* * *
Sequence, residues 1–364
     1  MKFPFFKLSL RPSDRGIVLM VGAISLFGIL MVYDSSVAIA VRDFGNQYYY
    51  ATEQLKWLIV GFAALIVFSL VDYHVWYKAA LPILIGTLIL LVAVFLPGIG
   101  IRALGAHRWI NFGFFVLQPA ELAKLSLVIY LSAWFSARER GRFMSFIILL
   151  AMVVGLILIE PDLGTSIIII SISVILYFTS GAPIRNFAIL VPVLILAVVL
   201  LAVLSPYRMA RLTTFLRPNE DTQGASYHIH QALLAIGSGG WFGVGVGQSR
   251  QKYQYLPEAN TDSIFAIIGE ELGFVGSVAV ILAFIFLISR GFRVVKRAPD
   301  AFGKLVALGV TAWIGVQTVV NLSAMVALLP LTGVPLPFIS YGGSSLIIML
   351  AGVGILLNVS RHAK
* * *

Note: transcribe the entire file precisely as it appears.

Sequence, residues 1–364
     1  MKFPFFKLSL RPSDRGIVLM VGAISLFGIL MVYDSSVAIA VRDFGNQYYY
    51  ATEQLKWLIV GFAALIVFSL VDYHVWYKAA LPILIGTLIL LVAVFLPGIG
   101  IRALGAHRWI NFGFFVLQPA ELAKLSLVIY LSAWFSARER GRFMSFIILL
   151  AMVVGLILIE PDLGTSIIII SISVILYFTS GAPIRNFAIL VPVLILAVVL
   201  LAVLSPYRMA RLTTFLRPNE DTQGASYHIH QALLAIGSGG WFGVGVGQSR
   251  QKYQYLPEAN TDSIFAIIGE ELGFVGSVAV ILAFIFLISR GFRVVKRAPD
   301  AFGKLVALGV TAWIGVQTVV NLSAMVALLP LTGVPLPFIS YGGSSLIIML
   351  AGVGILLNVS RHAK